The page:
Photo Update: May 19

by Jeff

Banda Aceh's Grand Mosque was one of the only structures to survive the 2004 Boxing Day Tsunami that devastated the city and the region. The mosque, which is also known as Masjid Raya Baiturrahman, was built in 1875 by the Dutch Military Government to replace an older mosque that had been destroyed by fire.

The PLTD Apung 1, a 2500-tonne power generating ship, was swept 4km inland by the massive tsunami. It still rests there today and is one of the destinations on Aceh's tsunimi tourism route.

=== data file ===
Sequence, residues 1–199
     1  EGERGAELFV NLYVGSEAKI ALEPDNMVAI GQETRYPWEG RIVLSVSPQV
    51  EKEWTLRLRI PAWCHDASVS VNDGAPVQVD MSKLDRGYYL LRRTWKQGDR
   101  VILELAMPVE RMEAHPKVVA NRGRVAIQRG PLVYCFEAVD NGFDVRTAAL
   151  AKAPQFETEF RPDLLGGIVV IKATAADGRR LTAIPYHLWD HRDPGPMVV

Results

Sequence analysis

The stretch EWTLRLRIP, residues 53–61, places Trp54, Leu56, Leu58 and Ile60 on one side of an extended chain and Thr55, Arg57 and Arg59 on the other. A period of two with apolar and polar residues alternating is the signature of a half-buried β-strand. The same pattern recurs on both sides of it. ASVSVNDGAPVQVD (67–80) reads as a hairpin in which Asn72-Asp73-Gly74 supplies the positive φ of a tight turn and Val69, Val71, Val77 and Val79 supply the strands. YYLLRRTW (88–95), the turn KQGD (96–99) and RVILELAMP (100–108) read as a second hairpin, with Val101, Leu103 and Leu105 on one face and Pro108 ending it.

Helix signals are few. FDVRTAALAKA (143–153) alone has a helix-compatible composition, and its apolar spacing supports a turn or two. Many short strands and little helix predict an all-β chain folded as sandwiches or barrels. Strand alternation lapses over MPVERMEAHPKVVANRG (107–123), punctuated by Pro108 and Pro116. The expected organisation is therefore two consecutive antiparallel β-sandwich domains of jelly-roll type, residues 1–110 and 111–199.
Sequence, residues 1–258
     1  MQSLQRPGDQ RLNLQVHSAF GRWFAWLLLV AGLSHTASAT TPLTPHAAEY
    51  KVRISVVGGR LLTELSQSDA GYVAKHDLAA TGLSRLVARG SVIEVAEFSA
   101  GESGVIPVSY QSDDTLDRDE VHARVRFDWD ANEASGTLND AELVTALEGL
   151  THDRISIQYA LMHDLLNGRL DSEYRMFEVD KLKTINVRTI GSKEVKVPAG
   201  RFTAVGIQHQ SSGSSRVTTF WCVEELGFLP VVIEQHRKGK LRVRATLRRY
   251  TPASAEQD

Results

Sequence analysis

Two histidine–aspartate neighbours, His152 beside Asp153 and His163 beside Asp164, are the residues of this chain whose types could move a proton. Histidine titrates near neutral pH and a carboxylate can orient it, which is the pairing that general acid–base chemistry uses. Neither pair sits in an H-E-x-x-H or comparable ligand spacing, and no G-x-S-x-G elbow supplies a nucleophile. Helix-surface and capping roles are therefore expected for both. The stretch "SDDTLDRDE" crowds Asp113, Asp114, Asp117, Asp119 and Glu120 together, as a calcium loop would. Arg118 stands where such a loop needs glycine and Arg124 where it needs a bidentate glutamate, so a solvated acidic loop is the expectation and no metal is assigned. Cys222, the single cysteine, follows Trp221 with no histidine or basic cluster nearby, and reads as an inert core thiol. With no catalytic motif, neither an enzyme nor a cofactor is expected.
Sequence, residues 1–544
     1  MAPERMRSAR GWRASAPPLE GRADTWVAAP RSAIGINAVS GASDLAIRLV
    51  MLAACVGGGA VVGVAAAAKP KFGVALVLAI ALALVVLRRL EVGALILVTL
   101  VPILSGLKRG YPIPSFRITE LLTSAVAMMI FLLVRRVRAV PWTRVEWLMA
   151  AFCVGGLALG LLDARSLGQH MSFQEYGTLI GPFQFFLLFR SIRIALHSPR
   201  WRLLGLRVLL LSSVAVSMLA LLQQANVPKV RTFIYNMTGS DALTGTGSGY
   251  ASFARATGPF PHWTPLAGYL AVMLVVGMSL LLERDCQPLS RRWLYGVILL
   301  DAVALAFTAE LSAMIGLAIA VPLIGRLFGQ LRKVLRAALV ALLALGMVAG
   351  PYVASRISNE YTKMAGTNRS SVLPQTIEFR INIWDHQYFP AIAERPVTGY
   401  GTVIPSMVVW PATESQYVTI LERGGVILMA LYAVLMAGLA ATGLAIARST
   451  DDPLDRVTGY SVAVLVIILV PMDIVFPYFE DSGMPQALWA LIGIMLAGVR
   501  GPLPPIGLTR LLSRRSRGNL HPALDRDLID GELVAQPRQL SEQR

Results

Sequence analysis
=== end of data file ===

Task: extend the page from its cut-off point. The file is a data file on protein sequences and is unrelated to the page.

Instead of the bajaj of Jakarta, the preferred three-wheeled mode of transport in Aceh is the motorized becak - a motor scooter with a small, permanently-attached passenger carriage.

The crews of Aceh's many fishing boats rest in the shade during the afternoon heat.

A crab climbs on the rocks at Ulee Lheue (sometimes called tsunami ground zero). It was here, at the northernmost point of the Island of Sumatra, that the powerful waves first struck land.

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